San Antonio Spurs 99, Atlanta Hawks 97: Duncan carries “pathetic” Spurs
SAN ANTONIO — It’s a bad time of the year for a team to be completely void of any rhythm, but that’s the situation in which San Antonio finds itself with five games remaining in the regular season.
The Spurs (57-20) pulled out a 99-97 win over a Hawks (42-36) team playing without Al Horford, Josh Smith, Devin Harris and sharpshooter Kyle Korver, and it took yet another herculean effort from Tim Duncan to secure victory No. 57. The big man went for 31 points, 14 boards and four blocks — the fifth time this season he’s gone for 30 or more points — and without him, even Atlanta’s skeleton crew would’ve likely found a way to emerge victorious.
Gregg Popovich clearly stated as much after his team clinched another division title.
“Tim Duncan saved us,” he said without hesitation. “In general, other than Timmy, in a lot of ways it was a pathetic performance.
“That kind of play isn’t going to get us very far at the end of the season.”
And it’s safe to say the final sequence of regulation left Pop less than thrilled. Kawhi Leonard passed the ball to Tiago Splitter on the baseline, up four with three seconds remaining and the Hawks seemingly content to let the clock run out. But Splitter carelessly held the ball out on the left side of his body, allowing Dahntay Jones to pick his pocket and race down the floor. To make things worse, Cory Joseph fouled Jones as he heaved it at the buzzer on a shot that wouldn’t have affected the final outcome. It gave Atlanta three shots at the free-throw line, with the chance to hit two and intentionally miss the third in an attempt to score a game-tying tip-in.
Luckily for the livelihood of Spurs players, Leonard swooped in and corralled the miss, securing the win ahead of a three-day rest that leads into Wednesday’s battle in Denver. Speaking of Leonard, his 23 points gave him at least 20 points in two consecutive games for the first time in his career. Tack on six rebounds, four assists, two steals and two blocks and the second-year pro continues to show off his emerging skill-set across the box score.
But Duncan was all Pop could talk about. Tonight’s performance, in a game that turned out to be too close for any reasonable comfort, must have struck a chord with the old coach, as he essentially began to reminisce in front of a crowd with which he had no desire to speak.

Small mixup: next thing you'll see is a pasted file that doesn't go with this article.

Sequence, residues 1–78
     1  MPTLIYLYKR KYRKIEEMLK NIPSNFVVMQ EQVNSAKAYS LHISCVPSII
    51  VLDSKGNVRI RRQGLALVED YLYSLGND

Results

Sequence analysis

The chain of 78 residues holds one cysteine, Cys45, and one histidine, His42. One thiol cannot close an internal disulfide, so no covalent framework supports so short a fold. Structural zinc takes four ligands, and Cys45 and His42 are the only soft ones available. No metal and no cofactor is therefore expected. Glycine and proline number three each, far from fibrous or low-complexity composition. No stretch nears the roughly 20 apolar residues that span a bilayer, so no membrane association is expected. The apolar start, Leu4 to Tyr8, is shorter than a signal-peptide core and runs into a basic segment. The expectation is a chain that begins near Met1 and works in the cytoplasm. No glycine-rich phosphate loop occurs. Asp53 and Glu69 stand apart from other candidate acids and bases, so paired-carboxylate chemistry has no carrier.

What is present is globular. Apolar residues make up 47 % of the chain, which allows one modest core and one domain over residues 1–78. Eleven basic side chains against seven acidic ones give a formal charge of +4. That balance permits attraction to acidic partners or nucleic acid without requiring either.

“He’s such a professional. We’re so lucky to have him here for as long as we have,” Pop said. “He’s an ultimate professional and he rose above a lot to do it.”
There’s a mix of concern and confidence in this locker room right now, and much of it stems from the injury issues that have crashed the party of the team with the West’s best record.
“We’re not in a great rhythm right now. Obviously the injuries are hurting us,” Duncan said. “We’ve been set back a little bit. But we won the game, that’s the good part of it.
“We have a couple of days to get some work in and try to get ourselves back on track.”
And they’re an important couple of days. It’s the most significant amount of rest this group has on the docket for the foreseeable future prior to the playoffs, and there are kinks that need to be ironed out with a car compactor. This team has forgotten how to score, how to play defense and how to take care of the ball. It’s not fair to fully criticize this group in the ominous absence of Tony Parker and Manu Ginobili, but this team doesn’t appear close to being ready for the playoffs.
“Playing like we did tonight? No. Playing at the health level that we had tonight? Absolutely not,” Duncan said. “Luckily, we have a little while to get everybody back on the court. As I said all year long, no matter whether we’re winning or losing, we want to be healthy at the right time.”
But as Pop said, the current problems with this team extend beyond injuries. If the Spurs can’t find their rhythm by April 21, there are a few first-round opponents that might be licking their chops.
“This team needs to get its head around itself and understand what it takes to be there,” Pop said before quickly leaving the post-game scrum. “Because as a group, they don’t have it right now.”